A Nigerian based in Togo has been arrested by officials of the National Drug Law Enforcement Agency (NDLEA) at the Murtala Muhammed International Airport (MMIA) Lagos, after wraps of substances that tested positive for cocaine, were discovered in the collar of his jacket.
The arrest was made shortly after the suspect disembarked from the aircraft on his way from Sao Paulo, Brazil.
The 31-year old suspect, Agwu Samuel, confidently wore the jacket containing the drugs but by dint of hindsight and experience, the drugs were discovered by NDLEA officers at the airport.
This is the first discovery of cocaine inside the collar of a jacket by the anti-narcotics agency.
In his reaction, the Chairman/Chief Executive of the Agency, Col. Muhammad Mustapha Abdallah (retd.), described the suspect’s action as desperately crafty and cunning.
According to him, “the cocaine was detected by officers notwithstanding the crafty and cunning mode of concealment. The agency has taken some strategic measures aimed at disappointing the tricks employed by drug trafficking syndicates. We remain committed to exposing criminal plots through superior counter-narcotic intelligence. This operational success is commendable and a demonstration of our alertness to detect drugs”.
Abdallah vowed that NDLEA will continue to invest in capacity building programmes for its officers.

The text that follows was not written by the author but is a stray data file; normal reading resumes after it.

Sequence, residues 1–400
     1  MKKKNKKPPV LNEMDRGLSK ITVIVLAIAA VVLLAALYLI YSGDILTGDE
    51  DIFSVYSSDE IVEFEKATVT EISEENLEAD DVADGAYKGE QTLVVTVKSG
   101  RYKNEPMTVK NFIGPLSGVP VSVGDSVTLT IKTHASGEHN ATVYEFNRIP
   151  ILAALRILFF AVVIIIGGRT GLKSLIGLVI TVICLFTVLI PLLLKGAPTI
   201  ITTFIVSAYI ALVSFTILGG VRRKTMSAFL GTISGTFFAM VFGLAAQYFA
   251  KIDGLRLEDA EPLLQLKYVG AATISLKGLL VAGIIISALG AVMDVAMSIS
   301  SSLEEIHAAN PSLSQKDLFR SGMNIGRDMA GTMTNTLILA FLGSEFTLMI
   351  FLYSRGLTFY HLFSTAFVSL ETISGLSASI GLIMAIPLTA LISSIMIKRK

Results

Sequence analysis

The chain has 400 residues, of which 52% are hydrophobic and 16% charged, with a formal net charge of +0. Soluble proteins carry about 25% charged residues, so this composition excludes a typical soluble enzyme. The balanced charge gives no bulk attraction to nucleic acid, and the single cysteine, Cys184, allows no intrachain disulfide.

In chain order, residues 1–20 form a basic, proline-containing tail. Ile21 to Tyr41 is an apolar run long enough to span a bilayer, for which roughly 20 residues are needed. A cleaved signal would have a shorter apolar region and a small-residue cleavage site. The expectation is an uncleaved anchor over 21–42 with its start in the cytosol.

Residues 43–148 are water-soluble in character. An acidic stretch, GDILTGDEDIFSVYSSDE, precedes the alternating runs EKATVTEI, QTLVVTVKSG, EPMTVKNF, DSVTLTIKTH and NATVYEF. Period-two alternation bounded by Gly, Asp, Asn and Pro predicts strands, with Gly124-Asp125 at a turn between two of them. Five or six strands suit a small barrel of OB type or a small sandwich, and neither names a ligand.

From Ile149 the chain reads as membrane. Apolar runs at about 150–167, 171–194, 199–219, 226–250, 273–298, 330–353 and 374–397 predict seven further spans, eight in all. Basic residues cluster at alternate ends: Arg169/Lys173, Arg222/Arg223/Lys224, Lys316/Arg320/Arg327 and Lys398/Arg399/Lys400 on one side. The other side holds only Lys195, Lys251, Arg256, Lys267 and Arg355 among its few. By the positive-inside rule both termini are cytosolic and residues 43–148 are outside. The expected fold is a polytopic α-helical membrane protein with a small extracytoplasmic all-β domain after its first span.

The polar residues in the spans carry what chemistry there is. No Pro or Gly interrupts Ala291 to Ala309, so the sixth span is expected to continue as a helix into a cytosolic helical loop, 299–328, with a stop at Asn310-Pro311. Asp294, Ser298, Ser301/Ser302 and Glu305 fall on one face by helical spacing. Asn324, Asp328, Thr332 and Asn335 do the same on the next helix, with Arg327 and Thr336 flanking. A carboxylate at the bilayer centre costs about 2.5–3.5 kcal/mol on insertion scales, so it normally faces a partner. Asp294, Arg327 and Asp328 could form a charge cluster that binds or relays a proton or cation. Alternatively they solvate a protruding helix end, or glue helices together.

Shedding light on how the suspect was arrested, the NDLEA commander at the Lagos airport, Ahmadu Garba, said that Samuel was arrested during routine check on passengers.
“Ten wraps of cocaine weighing 110 grammes were found inside the collar of his jacket during screening of passengers on a South Africa Airline flight from Brazil through Johannesburg. The drug, which was carefully hidden inside his jacket, tested positive for cocaine and investigation is ongoing”, he said.
Samuel, a shoe seller in Togo, who claimed to have attended Technical Secondary School in Ohafia, Abia State, in his statement, said that he went to Brazil in search of greener pastures but resorted to drug trafficking due to frustration.
According to him, “I use to sell shoes in Togo until I lost goods worth N3 million. This negatively affected my business and made me to travel to Brazil in a desperate search for greener pastures. After a fruitless search for job in Brazil for four months, I decided to smuggle drugs to get some money to start my shoe business. I thought the drugs will not be detected inside my jacket but I was caught and I am very sad”.